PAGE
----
Numerous models exist that help us understand how experiential education "works" yet their foundations vary and often do not connect well to actual learning processes. Models should prove most helpful, reflecting research-based historical practices of how people learn through experience. This paper presents grounded theory research that develops and proposes a modification of the Joplin model that provides a more accurate model of how North American adolescents learned from their experiences while on a short-term mission trip.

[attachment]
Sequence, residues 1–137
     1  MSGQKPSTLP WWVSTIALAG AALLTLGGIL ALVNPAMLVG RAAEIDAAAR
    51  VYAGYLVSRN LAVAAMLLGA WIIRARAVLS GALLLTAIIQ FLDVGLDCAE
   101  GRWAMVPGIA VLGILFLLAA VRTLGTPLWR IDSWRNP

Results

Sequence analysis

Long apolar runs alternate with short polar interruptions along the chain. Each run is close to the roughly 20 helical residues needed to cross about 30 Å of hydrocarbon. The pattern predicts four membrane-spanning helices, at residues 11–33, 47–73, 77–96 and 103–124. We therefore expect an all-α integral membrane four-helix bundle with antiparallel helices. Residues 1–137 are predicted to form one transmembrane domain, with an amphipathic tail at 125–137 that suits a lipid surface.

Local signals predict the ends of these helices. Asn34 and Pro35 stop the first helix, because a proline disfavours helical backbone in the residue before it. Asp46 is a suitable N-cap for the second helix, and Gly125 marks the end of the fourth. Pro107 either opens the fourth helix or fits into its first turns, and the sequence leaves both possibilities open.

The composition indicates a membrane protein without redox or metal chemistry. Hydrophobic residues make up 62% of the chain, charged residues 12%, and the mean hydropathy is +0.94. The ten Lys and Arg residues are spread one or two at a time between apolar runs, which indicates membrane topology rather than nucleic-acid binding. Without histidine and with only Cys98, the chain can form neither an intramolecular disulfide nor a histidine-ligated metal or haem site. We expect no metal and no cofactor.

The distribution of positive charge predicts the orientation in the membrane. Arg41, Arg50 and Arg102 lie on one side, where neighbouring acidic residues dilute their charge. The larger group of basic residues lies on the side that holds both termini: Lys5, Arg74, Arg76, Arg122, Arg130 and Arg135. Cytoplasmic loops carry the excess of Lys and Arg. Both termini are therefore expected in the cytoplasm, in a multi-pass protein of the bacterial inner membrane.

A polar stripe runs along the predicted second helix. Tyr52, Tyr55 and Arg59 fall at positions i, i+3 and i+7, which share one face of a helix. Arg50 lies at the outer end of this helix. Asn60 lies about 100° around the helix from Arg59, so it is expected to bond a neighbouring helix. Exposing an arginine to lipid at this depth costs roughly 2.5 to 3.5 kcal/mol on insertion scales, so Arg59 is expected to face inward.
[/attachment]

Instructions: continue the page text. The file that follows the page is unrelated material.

This article presents research that examines the impact of short-term mission trips as an experiential curriculum in the lives of North American adolescent participants. Drawing from prominent experiential therories, the curricular structure of cross-cultural short-term mission trips is shown to be limited in its abaility to transfer learning into the ongoing lives of the students. The author recommends continuing the educational components beyond a trip's conclusion so students can better integrate their learning. The study concludes tha short-term mission needs to be situated as part of an oveall emphasis, theologically and pedagogically, on service and mission within a youth ministry.